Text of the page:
Failure to Protect

Social media companies are failing to act on antisemitism

Our latest report on anti-Jewish hatred shows they fail to enforce their own community guidelines against antisemitic content. Our researchers reported hundreds of racist anti-Jewish posts to social media firms using their user reporting tools. 84% were not acted upon. ​Tech companies are consciously giving a free pass to anti-Jewish hatred and the increasing threat to the Jewish community. ​Social media companies must do better. Platforms must support, hire and train moderators to remove this hate and those platforms must be held accountable if they fail to remove this hate.

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Evidence that social media firms fail to act on user reports of antisemitism

Failure To Protect” Finds that social media platforms took no action on 84% of posts containing antisemitic conspiracies, extremism and abuse reported to them using their own tools for reporting malignant content, despite promises to crack down on anti-Jewish hatred.

Key Findings

  • CCDH researchers collected and reported 714 posts containing anti-Jewish hatred. Collectively, they had been viewed at least 7.3 million timesPosts were collected from Facebook, Instagram, TikTok, Twitter & YouTube between May-June.
  • 84% of posts containing anti-Jewish hatred were not acted upon by social media companies. Facebook performed worst, failing to act on 89%, despite announcing new rules to tackle the problem.
  • Platforms fail to act on 89% of antisemitic conspiracy theories about 9/11, the Covid pandemic and Jewish control of world affairs.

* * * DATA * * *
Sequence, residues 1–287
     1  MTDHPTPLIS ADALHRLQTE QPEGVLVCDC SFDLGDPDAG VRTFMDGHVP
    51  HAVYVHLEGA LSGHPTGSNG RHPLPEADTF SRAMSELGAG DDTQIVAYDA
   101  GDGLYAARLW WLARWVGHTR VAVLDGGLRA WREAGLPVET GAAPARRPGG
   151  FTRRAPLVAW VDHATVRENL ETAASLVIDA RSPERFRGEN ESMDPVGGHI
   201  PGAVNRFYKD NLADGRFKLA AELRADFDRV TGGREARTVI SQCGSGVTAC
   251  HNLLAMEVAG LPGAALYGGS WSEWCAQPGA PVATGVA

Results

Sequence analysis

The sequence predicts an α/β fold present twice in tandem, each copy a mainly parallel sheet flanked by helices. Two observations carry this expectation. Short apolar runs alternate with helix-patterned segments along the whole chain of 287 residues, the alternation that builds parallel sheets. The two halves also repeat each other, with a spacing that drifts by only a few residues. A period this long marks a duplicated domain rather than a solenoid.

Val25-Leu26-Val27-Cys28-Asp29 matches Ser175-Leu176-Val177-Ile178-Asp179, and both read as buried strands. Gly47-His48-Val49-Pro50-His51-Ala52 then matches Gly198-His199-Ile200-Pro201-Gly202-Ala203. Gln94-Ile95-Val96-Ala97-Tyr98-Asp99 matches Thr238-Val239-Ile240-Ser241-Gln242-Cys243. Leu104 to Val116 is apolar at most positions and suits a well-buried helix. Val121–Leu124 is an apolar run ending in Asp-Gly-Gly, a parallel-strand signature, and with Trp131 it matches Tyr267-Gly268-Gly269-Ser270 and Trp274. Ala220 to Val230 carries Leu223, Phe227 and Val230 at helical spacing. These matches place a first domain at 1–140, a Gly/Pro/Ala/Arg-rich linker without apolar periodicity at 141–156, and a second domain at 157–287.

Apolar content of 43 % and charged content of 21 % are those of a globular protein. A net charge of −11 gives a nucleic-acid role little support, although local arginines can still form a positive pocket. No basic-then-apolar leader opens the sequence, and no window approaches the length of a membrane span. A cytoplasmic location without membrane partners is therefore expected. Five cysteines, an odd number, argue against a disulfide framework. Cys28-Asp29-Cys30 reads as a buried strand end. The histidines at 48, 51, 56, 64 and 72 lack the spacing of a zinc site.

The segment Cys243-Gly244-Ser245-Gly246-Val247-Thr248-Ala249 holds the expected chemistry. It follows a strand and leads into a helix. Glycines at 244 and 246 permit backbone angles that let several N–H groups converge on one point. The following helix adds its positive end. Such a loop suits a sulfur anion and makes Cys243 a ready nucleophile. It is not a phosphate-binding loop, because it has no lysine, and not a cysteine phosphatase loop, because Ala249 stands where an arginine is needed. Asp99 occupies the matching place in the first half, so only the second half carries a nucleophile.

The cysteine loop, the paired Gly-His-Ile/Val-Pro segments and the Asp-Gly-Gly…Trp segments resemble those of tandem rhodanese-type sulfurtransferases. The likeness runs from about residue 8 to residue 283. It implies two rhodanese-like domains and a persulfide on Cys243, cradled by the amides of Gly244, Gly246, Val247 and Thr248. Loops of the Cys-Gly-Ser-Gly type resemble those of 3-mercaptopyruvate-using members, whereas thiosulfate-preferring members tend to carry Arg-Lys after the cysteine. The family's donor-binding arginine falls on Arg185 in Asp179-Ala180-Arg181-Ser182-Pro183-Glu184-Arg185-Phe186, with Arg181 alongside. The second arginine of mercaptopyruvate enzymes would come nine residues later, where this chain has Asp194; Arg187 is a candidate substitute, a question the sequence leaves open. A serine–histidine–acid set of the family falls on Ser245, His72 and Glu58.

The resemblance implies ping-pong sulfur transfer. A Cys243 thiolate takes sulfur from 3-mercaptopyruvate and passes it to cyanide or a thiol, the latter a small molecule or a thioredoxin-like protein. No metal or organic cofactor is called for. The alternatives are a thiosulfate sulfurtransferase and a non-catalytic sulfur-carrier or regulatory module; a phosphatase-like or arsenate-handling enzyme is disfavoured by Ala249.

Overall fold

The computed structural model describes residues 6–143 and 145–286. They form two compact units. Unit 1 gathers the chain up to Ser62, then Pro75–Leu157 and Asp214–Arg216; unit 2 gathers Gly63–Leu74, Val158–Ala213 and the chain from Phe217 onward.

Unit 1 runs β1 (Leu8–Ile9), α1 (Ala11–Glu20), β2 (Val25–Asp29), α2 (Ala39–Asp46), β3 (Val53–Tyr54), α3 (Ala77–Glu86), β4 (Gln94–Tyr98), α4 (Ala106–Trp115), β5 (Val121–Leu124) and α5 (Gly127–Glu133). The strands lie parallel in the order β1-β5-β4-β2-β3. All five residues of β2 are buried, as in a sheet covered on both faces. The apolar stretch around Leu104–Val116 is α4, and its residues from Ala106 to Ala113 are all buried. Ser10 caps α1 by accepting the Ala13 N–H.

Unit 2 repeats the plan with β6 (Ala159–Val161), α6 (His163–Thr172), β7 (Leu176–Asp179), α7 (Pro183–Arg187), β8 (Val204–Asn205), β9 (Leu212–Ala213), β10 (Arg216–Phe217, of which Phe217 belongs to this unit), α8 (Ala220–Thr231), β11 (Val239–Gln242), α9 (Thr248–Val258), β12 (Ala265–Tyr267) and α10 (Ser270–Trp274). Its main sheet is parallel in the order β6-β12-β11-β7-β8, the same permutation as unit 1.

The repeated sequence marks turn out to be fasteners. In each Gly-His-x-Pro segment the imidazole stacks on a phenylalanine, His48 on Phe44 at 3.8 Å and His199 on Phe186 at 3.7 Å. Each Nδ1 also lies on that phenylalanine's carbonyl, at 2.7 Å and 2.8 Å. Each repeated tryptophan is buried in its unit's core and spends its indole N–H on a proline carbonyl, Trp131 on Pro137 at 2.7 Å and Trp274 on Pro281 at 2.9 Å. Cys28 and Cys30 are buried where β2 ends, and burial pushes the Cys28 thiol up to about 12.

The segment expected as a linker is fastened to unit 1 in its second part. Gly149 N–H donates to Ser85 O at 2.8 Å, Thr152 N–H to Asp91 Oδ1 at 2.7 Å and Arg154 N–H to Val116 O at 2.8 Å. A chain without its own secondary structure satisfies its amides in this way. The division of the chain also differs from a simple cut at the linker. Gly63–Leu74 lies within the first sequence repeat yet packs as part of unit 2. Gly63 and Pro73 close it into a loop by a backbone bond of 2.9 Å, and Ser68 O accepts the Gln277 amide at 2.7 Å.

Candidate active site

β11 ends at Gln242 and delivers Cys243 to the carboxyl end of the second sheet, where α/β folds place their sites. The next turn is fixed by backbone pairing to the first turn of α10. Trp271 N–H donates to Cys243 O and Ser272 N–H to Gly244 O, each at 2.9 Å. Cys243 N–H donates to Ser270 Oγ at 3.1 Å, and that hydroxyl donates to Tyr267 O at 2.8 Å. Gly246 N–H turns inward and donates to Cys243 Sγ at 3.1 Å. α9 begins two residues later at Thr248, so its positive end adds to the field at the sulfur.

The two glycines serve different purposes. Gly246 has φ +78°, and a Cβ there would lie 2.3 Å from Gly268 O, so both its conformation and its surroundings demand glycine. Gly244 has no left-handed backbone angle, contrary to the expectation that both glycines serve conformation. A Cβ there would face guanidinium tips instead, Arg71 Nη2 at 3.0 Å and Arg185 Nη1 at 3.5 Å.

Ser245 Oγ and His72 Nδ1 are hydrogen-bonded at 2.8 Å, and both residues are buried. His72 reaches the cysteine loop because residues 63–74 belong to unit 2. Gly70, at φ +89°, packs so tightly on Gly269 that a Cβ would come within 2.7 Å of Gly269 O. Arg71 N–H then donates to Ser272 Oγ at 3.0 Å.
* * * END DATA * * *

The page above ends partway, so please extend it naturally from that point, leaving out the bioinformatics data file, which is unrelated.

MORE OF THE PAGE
• Extremist anti-Jewish hate is not acted on: platforms failed to act on 80% of posts containing Holocaust denial, 74% of posts alleging the blood libel, 70% of racist caricatures of Jewish people and 70% of neo-Nazi posts.
  • Instagram, TikTok and Twitter allow hashtags used for antisemitic content such as #rothschild, #fakejews and #killthejews that were used in posts identified by our report that gained over 3.3 million impressions.
  • TikTok removes just 5% of accounts that directly racially abuse Jewish users, for example by sending them messages denying the Holocaust.
  • Earlier reports by CCDH show platforms have similarly failed to act on dangerous Covid and vaccine misinformation reported by users.


  1. Introduce financial penalties to incentivize proper moderation. Platforms have profited from the proliferation of hate and misinformation on their platforms. Financial incentives will ensure they no longer invest the bare minimum in content moderation.
  2. Hire, train and support moderators to remove hate. Current efforts by tech companies to moderate their platforms are clearly inadequate.
  3. Remove groups dedicated to antisemitism. CCDH identified groups dedicated to sharing antisemitism with a total of 38,000 members.
  4. Instagram, Tiktok and Twitter must act on antisemitic hashtags that their own analytics show have been used for content viewed millions of times.
  5. Ban accounts that send racist abuse directly to Jewish users.